LANSING, Mich. — State Sen. Marty Knollenberg joined a bipartisan group of lawmakers in introducing legislation Tuesday aimed at further curbing sexual assaults in the state of Michigan.
“The lives of the brave young women who came forward in the Dr. Nassar case have been forever changed,” said Knollenberg, R-Troy. “It’s time for our state to get tough. We need to give prosecutors more tools to get people like Larry Nassar off the streets and as far away from our children as possible.”
The ten-bill package would expand numerous existing laws and also create new protections in statute. The bills would update current law to allow prosecutors to bring charges of second-degree criminal sexual conduct (CSC) against a minor at any time after the act occurs, while also allowing charges of third-degree CSC against a minor up to the survivor’s 48th birthday, or within 30 years of an accuser being identified by DNA evidence.
The bills would also allow victims of childhood sexual abuse to remain publicly anonymous when bringing a claim in the Michigan Court of Claims and eliminate the current time limit for filing a claim.
“Coming forward and discussing their abuse is a very difficult thing for a victim to do,” Knollenberg said. “We can’t let people get away with unspeakable crimes because the clock has expired. These bills would allow victims more time to come forward as well as the ability to come forward anonymously. This would allow victims to work with law enforcement, but at a level and pace that is comfortable to them.”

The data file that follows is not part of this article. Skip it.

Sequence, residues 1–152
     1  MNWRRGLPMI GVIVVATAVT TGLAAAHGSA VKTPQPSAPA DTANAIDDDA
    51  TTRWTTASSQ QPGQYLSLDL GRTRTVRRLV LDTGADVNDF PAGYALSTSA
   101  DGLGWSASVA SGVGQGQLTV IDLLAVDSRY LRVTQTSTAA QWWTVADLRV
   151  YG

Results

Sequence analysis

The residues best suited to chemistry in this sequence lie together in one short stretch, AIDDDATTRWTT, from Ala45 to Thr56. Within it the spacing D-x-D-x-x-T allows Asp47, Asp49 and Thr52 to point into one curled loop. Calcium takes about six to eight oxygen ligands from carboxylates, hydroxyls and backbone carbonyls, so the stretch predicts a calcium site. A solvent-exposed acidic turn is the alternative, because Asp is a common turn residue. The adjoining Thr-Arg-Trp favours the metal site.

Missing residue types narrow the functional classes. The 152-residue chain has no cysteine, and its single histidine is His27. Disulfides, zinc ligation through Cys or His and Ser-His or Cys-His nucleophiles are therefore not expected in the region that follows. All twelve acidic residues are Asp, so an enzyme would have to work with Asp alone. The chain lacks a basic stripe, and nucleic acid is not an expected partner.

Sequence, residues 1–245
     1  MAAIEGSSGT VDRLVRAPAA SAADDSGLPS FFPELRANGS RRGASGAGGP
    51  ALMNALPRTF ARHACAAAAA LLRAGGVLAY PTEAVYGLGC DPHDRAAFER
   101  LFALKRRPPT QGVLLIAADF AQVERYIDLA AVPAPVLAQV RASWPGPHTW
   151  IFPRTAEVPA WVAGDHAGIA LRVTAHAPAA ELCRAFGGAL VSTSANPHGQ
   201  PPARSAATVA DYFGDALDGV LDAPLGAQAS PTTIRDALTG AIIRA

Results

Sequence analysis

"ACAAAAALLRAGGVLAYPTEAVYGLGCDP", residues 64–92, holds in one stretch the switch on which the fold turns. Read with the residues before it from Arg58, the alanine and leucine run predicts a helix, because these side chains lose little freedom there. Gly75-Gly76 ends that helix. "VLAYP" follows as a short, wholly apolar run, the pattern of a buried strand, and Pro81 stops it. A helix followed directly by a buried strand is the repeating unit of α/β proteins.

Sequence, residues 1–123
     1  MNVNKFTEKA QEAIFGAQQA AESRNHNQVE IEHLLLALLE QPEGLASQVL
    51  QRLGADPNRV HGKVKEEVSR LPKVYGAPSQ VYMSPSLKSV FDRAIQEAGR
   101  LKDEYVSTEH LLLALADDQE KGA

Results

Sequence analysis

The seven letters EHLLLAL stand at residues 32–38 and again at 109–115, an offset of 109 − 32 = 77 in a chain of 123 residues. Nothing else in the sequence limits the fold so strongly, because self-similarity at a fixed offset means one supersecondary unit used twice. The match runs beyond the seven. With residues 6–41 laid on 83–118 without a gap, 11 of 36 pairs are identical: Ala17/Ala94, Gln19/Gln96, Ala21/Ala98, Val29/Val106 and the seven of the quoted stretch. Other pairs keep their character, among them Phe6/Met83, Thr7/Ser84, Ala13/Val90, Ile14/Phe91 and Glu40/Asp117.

The bills also increase reporting requirements for certain education employees and youth sports coaches. If passed, assistant coaches, athletic trainers and volunteers involved in youth athletic activities would all become mandatory reporters of child abuse. If an individual fails to report such crimes, they would face a felony of up to two years imprisonment, up to a $5,000 fine, or both.
“One of the most troubling aspects of the Nassar case is the absolute failure on the part of people in positions of power,” Knollenberg said. “Multiple grown adults failed these women at every single turn. While I found this to be beyond disappointing, it was best stated at Monday’s press conference: tragedy often comes before change.
“I applaud the strength and courage it took for these women to face their abuser in court and work with lawmakers to make sure something like this never happens again.”
The bills received approval from the Senate Committee on Judiciary Tuesday afternoon and will now go before the full Senate for further consideration.